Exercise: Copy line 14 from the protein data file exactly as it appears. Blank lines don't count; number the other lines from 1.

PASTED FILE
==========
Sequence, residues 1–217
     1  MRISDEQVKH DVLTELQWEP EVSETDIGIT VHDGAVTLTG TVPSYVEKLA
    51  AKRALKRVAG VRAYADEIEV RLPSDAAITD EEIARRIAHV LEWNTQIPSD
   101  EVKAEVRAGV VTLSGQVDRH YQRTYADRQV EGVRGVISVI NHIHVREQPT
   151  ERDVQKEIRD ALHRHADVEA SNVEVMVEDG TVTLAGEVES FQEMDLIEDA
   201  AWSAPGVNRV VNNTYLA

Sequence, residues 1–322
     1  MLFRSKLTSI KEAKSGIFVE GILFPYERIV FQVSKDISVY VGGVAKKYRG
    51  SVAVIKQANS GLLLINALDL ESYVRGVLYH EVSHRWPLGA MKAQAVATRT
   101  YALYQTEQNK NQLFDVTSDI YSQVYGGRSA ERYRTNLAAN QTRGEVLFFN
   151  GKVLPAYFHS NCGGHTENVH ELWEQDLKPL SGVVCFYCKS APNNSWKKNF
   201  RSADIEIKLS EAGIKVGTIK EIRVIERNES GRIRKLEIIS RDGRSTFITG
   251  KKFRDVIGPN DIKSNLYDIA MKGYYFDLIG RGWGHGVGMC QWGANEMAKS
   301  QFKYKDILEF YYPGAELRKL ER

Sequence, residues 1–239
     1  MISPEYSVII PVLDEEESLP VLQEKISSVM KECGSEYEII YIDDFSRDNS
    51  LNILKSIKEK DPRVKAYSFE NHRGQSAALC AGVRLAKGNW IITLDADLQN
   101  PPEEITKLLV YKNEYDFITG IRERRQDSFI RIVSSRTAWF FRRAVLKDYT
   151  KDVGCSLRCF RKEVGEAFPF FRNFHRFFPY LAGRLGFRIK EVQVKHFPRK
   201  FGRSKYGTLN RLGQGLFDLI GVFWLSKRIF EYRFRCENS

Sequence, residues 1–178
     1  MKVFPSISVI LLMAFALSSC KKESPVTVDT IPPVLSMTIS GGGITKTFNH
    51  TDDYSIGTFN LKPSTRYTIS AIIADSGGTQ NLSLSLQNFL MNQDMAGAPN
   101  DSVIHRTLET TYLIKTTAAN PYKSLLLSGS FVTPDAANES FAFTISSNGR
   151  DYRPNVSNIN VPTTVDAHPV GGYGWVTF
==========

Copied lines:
   301  QFKYKDILEF YYPGAELRKL ER